Predictably, after last week’s Greek election it has not taken long for the aggressive war of words to begin in the rightwing media’s attempts try to undermine Syriza. Today’s Economist magazine sets its stall out in no uncertain terms with this pearl of wisdom:
“This newspaper’s solution: get Mr Tsipras to junk his crazy socialism and to stick to structural reforms in exchange for debt forgiveness…A very logical dream until you remember that Mr Tsipras probably is a crazy left-winger.”
What, I wonder, is so crazy about Syriza trying to implement the policies that brought them to power? Clearly the Economist thinks that it is ridiculous that the Greek people should be allowed to have a say in their own destiny. And the type of language used adds nothing to the discussion and only serves to belittle anyone who thinks that there may be an alternative vision of European politics. Maybe its time to face the fact that if Greece were to ultimately leave the Eurozone, NOBODY knows for certain what the medium-term political and socioeconomic outcome would be. We can be sure of some of the short(er)-term economic impacts such as:
- the value of the new Greek currency (Drachma) would plummet in relation to the Euro, making foreign debt repayment even more difficult than it is now. A default would be extremely likely.
- there would likely be a mass run on Greek banks
- the depreciation of the currency would lead to higher prices of imported goods, leading to higher inflation
- exports would become cheaper boosting competitiveness
- depreciated currency would boost the tourism industry as it would become much cheaper for foreign tourists to visit
AND perhaps most importantly, no matter what anyone from the troika may say, it is highly unlikely that Greece would be completely abandoned and shunned by international financial and political institutions. The negative consequences of a ‘Grexit’ would give the people of Greece a very difficult few years as they adjust to leaving the eurozone but history suggests that no one would want to risk serious political turmoil in the Balkans. After all, countries have defaulted on debt before and as long as Syriza has the people behind it, it can try to work out a strong, post-euro recovery strategy. Don’t doubt that this has already begun.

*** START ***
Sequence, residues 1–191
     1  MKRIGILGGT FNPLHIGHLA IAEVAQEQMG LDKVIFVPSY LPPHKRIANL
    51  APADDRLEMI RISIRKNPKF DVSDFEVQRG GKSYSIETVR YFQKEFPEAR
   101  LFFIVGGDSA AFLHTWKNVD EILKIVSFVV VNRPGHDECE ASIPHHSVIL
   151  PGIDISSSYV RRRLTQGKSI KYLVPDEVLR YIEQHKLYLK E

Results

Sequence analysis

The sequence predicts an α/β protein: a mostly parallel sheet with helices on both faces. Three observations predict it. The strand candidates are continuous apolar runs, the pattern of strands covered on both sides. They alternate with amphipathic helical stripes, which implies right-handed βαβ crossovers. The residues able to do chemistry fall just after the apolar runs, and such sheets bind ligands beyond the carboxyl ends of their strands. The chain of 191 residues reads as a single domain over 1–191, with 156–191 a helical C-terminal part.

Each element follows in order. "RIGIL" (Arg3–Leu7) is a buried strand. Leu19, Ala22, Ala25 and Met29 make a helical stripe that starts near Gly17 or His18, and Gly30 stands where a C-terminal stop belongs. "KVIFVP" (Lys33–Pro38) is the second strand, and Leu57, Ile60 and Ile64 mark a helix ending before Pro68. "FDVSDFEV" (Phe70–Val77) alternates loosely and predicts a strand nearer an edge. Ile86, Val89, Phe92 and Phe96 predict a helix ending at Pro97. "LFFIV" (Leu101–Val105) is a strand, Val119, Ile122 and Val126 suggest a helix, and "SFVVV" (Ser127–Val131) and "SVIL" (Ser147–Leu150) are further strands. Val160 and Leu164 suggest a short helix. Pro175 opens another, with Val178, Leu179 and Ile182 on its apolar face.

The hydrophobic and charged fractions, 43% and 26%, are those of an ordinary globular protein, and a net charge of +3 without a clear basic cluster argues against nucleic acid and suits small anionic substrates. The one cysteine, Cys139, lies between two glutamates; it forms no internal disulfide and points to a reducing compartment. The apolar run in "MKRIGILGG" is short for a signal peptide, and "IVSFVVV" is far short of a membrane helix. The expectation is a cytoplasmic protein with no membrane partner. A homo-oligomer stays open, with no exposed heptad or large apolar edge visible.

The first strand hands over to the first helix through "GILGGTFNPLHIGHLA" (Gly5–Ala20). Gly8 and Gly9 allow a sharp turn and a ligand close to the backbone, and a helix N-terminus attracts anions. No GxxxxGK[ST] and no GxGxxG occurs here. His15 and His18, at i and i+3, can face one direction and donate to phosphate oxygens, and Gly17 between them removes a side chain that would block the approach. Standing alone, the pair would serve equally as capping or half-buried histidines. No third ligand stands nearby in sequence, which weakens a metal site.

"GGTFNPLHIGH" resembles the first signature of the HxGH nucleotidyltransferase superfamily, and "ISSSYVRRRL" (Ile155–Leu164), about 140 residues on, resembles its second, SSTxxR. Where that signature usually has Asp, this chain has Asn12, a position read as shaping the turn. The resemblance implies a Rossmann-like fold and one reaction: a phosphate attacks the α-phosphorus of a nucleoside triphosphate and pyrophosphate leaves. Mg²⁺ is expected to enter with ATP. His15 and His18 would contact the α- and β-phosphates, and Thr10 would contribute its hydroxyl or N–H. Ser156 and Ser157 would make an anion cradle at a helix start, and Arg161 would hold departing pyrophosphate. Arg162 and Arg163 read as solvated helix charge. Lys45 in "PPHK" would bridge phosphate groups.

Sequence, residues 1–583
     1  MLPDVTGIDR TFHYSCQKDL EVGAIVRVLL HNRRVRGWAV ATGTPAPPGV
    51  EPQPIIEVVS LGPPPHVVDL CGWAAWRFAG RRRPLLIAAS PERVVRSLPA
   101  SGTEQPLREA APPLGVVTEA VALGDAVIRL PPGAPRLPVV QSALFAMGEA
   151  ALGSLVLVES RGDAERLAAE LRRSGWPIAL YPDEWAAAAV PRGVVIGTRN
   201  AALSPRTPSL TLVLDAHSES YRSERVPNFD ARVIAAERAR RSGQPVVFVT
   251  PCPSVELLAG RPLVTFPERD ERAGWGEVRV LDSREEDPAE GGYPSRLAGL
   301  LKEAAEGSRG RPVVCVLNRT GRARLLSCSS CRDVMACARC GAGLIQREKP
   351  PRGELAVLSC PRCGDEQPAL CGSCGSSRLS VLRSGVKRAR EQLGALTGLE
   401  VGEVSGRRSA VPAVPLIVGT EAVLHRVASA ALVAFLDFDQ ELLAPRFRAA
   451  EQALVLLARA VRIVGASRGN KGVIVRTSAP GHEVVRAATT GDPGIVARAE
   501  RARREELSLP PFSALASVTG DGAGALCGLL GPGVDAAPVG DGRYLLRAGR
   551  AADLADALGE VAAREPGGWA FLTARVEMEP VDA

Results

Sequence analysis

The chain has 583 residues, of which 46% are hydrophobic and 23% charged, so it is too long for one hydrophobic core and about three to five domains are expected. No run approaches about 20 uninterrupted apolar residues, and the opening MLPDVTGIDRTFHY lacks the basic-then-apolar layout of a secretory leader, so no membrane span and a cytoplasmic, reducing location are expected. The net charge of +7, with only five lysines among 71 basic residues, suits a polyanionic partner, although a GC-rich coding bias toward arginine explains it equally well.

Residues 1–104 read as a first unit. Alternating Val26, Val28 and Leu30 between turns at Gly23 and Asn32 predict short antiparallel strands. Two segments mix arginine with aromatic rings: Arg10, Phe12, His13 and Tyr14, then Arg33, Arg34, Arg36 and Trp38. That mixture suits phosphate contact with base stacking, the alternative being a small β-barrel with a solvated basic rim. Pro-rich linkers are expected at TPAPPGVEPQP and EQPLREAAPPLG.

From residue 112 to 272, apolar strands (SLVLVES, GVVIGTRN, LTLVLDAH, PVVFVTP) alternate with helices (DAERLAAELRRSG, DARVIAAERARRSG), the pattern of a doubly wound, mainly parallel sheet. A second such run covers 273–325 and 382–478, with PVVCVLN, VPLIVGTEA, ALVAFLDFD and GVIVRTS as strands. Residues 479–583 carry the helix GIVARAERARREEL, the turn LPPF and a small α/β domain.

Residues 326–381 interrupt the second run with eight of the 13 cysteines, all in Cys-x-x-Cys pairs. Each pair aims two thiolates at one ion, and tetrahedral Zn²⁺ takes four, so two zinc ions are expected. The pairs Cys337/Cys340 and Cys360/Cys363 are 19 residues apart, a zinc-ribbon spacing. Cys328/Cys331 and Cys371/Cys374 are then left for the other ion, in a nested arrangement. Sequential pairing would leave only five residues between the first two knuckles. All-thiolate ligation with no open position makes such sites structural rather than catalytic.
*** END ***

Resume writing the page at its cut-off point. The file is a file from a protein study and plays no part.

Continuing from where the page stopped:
The reason why Syriza is even in government is because the Greek people have been pushed to the wall by austerity. They have voted out of desperation and, so long as austerity is enforced, no amount of threats or posturing by international financial institutes will convince them that they have anything to gain with the status quo.
Greece is currently forced by the troika to maintain a primary surplus of over 4%, diverting billions of euros away from public spending in order to pay interest and debt. As Paul Krugman says, if you crunch the numbers,
“you find that dropping the requirement that Greece run a primary surplus of 4.5 percent of GDP would allow spending to rise by 9 percent of GDP — twice as much — and that this would raise GDP by 12 percent relative to what it would have been otherwise. Unemployment would fall by around 10 percentage points relative to no relief.”
Surely this would be good for everyone! But on the other hand:
” if Greece really does leave the euro — if it turns out that the single currency is not irreversible — do you really think there would be no contagion (within the eurozone)? Wanna bet on it? In particular, think about what happens if Greece leaves the euro and then manages to find its footing — which it probably would after a chaotic year or two. The EU could prevent that by deliberately undermining the post-euro Greek economy. But that would be a betrayal of European principles.”
So here we have a situation where it is politically, financially and morally unsustainable for Greece to continue to adhere to the austerity and debt repayment policies of the troika. And, if Greece were to leave the single currency, it would leave behind chaos in the eurozone but would have at least a fighting chance of getting itself back on its feet within a couple of years. The stakes are high for both Greece and the rest of the eurozone countries. It is disingenuous to pretend that the risk is only on the Greek side.
So no matter what the Economist and its allies say in pushing a capitalist, market-driven agenda, Syriza is in a much stronger bargaining position than most people are prepared to admit. The war of words is hotting up and it is important that the left across Europe fights back in solidarity with Syriza and the Greek people. It is crucial that the right are not allowed to dictate the debate and turn pan-European popular sentiment against this movement. The next few months will be crucial but the eurozone countries and the troika have much to lose if Greece heads for the exit.